JSU Librarian Honored Nationally for Kindness
By Katie Cline
Jacksonville State University is proud to announce that one of its own librarians, Charlcie Pettway Vann, has been named the winner of the 2015 National Library Week’s Librarians Creating Communities of Kindness contest. She was selected based on an outpouring of praise from nominations made on her behalf.
Vann has loved libraries her entire life and began volunteering in her hometown library in Plainfield, New Jersey when she was a child. As she grew older, it was only natural that she pursue library science as a profession.
“Learning and sharing information has always been my passion,” Vann said. “I cannot imagine life without libraries.”
Vann’s career in librarianship spans a remarkable 25 years. She earned her Master of Library Science degree in 1996 from North Carolina Central University. She worked around North Carolina following her graduation, interning at the SAS Institute and working at the Air Resources Research Consortium of North Carolina State University and at Cato Research. Her first job as a university librarian was at Valdosta State University in Valdosta, Georgia. She credits VSU with teaching her imperative skills in librarianship.
Today, Vann is the Psychology, Philosophy, and General Reference Librarian at Houston Cole Library and an Associate Professor at JSU. She joined the Houston Cole Library staff in 2006, and in 2008 founded the Houston Cole Library Lunchtime Lecture series. Since its inception, nearly 20 speakers have visited JSU to speak at the library on topics of their various passions and specialties at no cost to the university.
In an interview with Morgan Kubelka at Wiley publishing, which sponsored the contest, Vann shared her “amazement” at winning, because kindness is something she doesn’t feel she has to think about; it comes naturally to her.
“Kindness was never an option in my family,” Vann explained, “It is a commandment.”
And in the true fashion of a generous soul, Vann refuses to take all the credit for her award, saying, “If it were not for great mentors, so many I cannot name them all, in my life, it would have been difficult to pass the kindness forward. I want to thank all of my colleagues from JSU and various universities and community leaders who thought enough of me to nominate me for the contest. I have some of the best colleagues in academia. I am the only African-American librarian at the Houston Cole Library, and I appreciate the freedom I feel to share some of my culture through the various displays. I want to thank my dean, John-Bauer Graham, for encouraging all of the librarians to seek avenues to serve.”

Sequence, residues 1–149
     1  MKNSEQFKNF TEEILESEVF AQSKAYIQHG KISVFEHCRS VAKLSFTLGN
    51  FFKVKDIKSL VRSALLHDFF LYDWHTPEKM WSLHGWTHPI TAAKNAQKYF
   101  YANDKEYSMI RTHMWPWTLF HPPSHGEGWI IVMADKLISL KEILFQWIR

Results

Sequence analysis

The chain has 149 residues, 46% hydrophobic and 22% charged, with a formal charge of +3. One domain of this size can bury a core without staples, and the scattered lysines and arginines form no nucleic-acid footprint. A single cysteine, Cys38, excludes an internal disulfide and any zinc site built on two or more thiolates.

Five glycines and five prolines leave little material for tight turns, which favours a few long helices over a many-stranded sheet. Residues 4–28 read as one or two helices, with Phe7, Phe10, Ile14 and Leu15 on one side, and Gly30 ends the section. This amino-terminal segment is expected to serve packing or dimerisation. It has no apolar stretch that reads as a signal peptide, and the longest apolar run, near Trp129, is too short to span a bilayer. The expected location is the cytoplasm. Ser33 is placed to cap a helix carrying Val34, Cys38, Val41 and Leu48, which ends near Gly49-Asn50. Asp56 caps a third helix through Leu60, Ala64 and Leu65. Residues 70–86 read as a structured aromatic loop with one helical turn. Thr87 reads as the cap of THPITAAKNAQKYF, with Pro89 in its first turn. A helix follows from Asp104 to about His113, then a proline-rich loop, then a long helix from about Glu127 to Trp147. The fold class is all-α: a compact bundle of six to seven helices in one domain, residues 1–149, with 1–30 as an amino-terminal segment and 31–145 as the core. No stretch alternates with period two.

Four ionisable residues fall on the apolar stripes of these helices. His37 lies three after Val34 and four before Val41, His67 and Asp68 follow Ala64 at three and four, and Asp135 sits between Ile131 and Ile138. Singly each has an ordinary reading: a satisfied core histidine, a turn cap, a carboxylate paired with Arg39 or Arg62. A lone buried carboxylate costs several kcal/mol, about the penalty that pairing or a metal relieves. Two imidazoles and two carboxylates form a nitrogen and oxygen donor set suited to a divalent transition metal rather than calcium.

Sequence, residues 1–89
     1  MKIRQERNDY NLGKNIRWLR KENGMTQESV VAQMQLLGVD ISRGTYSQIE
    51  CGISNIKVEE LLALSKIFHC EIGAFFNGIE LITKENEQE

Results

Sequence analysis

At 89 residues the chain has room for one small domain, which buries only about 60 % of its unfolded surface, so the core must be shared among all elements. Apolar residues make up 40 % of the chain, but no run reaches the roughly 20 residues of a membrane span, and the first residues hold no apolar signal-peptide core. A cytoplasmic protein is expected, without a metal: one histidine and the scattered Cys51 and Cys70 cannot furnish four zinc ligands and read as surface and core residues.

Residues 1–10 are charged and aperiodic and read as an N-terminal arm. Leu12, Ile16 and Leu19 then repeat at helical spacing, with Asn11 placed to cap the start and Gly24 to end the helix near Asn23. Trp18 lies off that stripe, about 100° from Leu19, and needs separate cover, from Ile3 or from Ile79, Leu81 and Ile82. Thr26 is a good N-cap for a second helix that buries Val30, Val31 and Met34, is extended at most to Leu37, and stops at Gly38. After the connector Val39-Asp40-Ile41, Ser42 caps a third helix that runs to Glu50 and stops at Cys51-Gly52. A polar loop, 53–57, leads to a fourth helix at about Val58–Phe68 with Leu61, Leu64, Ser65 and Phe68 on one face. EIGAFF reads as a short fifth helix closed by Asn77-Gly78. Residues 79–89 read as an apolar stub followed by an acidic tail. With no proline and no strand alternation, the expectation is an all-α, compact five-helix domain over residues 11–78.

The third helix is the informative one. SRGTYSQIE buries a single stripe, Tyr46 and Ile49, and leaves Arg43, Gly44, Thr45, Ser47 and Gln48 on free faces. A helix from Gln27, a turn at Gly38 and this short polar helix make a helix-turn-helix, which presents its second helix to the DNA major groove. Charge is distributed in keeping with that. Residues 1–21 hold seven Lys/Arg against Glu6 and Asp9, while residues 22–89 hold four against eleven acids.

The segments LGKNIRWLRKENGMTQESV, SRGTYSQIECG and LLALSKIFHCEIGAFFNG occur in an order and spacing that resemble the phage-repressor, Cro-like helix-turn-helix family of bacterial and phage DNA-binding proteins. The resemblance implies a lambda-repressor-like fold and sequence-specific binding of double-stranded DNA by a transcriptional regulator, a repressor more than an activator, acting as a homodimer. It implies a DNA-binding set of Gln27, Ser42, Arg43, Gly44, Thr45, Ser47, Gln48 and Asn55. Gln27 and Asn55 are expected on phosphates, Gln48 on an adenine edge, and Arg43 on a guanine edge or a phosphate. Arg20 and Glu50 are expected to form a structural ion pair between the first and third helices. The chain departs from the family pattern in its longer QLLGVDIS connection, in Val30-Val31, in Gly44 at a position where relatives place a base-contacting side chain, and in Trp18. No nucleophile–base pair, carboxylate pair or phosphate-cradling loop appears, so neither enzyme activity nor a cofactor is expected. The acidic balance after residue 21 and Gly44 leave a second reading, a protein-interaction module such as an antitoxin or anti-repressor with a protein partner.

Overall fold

As winner of the award, Vann receives paid-in-full registration to a librarians’ conference in Charleston, South Carolina in November, but the biggest reward is the kind words written by all those who felt her worthy of this recognition.
“Charlcie Vann is a powerful and dedicated woman,” one nomination read. “She is constantly extending herself to the students at JSU to assist in providing programs, research materials, and continual assistance in their many endeavors.”
Another nominator highlighted Vann’s commitment to bringing attention to the wide range of ethnicities prevalent across JSU’s diverse student body: “She organized a luncheon to bring an ethnically, racially, and culturally diverse faculty and staff together for sharing and exchanging ideas in a social environment. She continually highlights diversity in her displays in the library.”
Of kindness, Vann says, “Ubuntu is an African humanitarian philosophy which means ‘I am what I am because of who we all are.’ I am what I am because of the love, encouragement and sacrifice of my parents and ancestors. My grandmother used to say, ‘Baby, kindness will take you places where your education cannot. It costs you nothing but it is valuable’.”
Charlcie Pettway Vann is a caring and dedicated woman committed to her job, her students, and her university, and she is a gift to all who know her and have been touched by her kindness.